On the other hand, people like me, while recognizing that Wimbush was super limited and inconsistent in his passing abilities, thought he was still the best option due to his elite athleticism, running ability, and track record as a starter. Book’s appearances in 2017 were largely not good, although he did play pretty well against LSU in the Citrus Bowl (including throwing the game-winning TD pass to Miles Boykin).
So, when the change happened, I personally was very much against it (as were others), thinking Book wouldn’t be any sort of significant step up and we would lose Wimbush’s running ability, which was a huge factor in beating Michigan in Week 1.
Obviously, Ian Book came in and proved me and a whole lot of others wrong, both immediately and then long-term, week-after-week. The offense turned into an efficient, ball-moving machine that suddenly had nearly-automatic short-to-intermediate passes in its arsenal. Couple that fact with Dexter Williams’ return for the Stanford game, and it was like watching a whole new offense in Weeks 4, 5 and 6. I am positive ND would not have gone undefeated and made the CFP without the Book change, just like I am positive that Notre Dame wouldn’t have beaten Michigan in Week 1 without Brandon Wimbush.
The change was handled well by all involved. Book was ready to play when called upon, exploded in front of everyone’s eyes, and has handled his newfound fame and attention with a quiet confidence.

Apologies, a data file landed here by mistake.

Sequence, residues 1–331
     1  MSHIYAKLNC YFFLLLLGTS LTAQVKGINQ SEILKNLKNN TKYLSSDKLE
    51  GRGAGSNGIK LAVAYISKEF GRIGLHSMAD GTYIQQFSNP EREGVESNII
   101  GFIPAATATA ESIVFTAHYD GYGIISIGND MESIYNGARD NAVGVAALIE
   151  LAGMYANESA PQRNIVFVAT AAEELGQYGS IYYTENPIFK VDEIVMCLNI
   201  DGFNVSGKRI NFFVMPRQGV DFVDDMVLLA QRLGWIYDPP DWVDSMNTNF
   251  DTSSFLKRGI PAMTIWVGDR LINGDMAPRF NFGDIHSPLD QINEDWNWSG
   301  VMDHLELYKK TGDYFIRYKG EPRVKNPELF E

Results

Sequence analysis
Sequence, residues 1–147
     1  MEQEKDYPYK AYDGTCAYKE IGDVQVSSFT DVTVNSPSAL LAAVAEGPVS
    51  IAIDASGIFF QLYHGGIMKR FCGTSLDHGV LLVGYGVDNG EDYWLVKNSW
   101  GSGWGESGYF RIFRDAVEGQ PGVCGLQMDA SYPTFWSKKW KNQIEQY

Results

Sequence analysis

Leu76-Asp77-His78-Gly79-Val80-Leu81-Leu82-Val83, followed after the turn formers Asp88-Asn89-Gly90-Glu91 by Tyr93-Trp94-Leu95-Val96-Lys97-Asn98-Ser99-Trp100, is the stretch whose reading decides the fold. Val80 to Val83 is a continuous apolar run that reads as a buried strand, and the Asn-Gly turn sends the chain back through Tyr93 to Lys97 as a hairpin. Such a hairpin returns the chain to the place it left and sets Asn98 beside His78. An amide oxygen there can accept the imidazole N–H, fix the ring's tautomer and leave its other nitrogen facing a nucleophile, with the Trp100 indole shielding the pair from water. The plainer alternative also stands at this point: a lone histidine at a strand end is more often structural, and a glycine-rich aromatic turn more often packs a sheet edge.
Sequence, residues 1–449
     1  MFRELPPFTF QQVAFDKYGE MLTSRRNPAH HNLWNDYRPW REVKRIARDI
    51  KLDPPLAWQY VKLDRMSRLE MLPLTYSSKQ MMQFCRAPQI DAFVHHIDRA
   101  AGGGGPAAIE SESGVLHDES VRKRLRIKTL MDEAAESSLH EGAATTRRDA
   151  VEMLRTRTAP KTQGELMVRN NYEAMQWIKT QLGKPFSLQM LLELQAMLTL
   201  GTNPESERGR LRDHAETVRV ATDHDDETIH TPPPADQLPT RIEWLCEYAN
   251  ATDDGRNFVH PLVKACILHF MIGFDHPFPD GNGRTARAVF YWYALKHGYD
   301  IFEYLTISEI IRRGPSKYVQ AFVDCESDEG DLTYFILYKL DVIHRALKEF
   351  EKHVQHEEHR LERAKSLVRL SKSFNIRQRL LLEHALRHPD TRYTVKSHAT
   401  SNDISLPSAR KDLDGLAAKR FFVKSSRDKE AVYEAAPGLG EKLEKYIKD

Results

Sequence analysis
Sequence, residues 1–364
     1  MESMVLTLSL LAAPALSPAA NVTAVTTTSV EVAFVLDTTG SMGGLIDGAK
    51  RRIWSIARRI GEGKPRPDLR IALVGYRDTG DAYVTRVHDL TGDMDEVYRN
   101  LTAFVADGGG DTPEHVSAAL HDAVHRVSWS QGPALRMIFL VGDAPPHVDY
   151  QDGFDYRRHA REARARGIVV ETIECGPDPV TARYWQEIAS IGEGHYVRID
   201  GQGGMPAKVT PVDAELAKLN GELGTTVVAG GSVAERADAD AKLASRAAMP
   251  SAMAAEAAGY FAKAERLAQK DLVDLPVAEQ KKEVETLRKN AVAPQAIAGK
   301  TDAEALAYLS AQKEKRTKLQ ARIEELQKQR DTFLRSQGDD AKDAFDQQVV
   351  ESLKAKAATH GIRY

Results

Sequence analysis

Brandon Wimbush was even more impressive, being a senior who was something like 12-3 as a starter who lost his job to a largely unproven backup. He handled that with grace, never sulking and instead supporting Book, helping him prepare for each game with enthusiasm, serving as a leader in the locker room and on the sideline, and even successfully taking the reins against Florida State, on Senior Night, when Book was injured.
Finally, as an admitted Brian Kelly hater for the majority of his time at ND, I have to say that I thought Brian Kelly handled the change incredibly well, and should get more credit than he has for making this change despite the team being undefeated. Most coaches wouldn’t make a change like that at the most important position -- especially with an incumbent veteran who had barely lost any games -- until the team had already lost once or twice (exception: Mr. Nick Saban).
Kelly’s gutsy decision to pull the trigger on the change with a 3-0 football team was fantastic and paid off in a huge way.
STS: Notre Dame has been exceptional at closing out games, but they’ve had some rough starts. They trailed Pittsburgh and Southern Cal at halftime. They were tied with Ball State and Northwestern at halftime. With Trevor Lawrence at the helm, Clemson is capable of scoring quickly. What does Notre Dame have to do to avoid a slow start?
Pat: It’s really about the offense getting going early.
In all of those games, the Irish defense was largely doing its job -- none of those opponents had more than 10 points at halftime. But the offense sputtered, or never even started, in the first halves of those match-ups, so it will be key for offensive coordinator Chip Long and his group to come into the first half with a smart, scripted game plan ready to move the ball and score some points early, making it less likely the Irish will need a dramatic comeback to win the game.